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Deadline seals fate for state measures

April 12, 2014
By CATHY BUSSEWITZ , The Associated Press

HONOLULU - Hawaii lawmakers are heading into the final stretch of their legislative session, and the fates of many bills have been decided thanks to the passing of a major deadline.

The bills that generated the most heated discussion are headed to conference committees, which start next week.

Proposals on raising the minimum wage, putting air conditioners in public schools and making kindergarten mandatory all survived.

But attempts to require testing to limit the spread of invasive species and require labeling on genetically modified foods failed.

Both chambers also approved bills that saw little opposition and sent those to the governor. Among those was a bill to increase fines on unlicensed contractors who take advantage of elderly people.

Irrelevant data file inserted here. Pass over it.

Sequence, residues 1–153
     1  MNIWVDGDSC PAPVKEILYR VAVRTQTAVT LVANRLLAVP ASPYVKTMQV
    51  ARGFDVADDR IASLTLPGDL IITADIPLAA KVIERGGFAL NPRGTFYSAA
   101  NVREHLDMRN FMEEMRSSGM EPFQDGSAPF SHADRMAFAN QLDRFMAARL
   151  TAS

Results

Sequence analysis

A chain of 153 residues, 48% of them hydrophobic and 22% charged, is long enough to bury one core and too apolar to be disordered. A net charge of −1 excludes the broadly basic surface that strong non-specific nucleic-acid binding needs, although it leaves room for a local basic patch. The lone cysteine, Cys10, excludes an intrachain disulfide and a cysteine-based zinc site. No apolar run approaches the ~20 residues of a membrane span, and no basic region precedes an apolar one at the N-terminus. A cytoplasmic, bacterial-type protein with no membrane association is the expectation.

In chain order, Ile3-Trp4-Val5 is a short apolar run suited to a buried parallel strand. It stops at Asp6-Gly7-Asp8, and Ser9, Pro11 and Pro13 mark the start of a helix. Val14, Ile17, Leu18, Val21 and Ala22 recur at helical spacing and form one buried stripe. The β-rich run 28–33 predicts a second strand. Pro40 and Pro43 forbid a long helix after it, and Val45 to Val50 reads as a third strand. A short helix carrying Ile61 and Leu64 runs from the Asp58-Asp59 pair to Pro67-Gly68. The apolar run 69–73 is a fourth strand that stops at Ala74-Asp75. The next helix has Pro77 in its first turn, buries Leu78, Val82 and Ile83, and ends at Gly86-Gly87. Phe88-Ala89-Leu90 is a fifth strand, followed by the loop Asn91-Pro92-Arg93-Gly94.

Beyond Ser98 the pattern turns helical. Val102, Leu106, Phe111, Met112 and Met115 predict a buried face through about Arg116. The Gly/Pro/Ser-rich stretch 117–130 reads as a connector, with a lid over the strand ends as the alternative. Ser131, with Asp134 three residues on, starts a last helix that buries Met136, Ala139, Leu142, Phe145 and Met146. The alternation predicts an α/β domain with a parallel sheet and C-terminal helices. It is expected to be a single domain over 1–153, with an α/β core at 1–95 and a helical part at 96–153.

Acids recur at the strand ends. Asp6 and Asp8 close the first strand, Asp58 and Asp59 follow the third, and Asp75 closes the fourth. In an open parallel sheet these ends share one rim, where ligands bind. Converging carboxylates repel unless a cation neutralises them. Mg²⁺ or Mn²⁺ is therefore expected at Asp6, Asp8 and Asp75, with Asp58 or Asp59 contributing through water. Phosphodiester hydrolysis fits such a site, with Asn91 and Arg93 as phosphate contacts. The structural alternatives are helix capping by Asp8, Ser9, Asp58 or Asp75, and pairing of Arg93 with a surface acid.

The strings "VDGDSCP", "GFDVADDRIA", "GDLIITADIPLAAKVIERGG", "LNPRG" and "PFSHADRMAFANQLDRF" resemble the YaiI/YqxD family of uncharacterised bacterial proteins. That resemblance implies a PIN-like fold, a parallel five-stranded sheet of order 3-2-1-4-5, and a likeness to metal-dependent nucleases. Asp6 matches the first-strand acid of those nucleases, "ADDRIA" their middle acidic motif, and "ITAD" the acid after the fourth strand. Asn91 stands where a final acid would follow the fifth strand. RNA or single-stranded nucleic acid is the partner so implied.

Lawmakers in both chambers had to vote to send bills back to the house of origin.

"Everybody's getting ready for conference, so the real stuff is going to be happening next week," said Carolyn Tanaka, spokeswoman for the House of Representatives.



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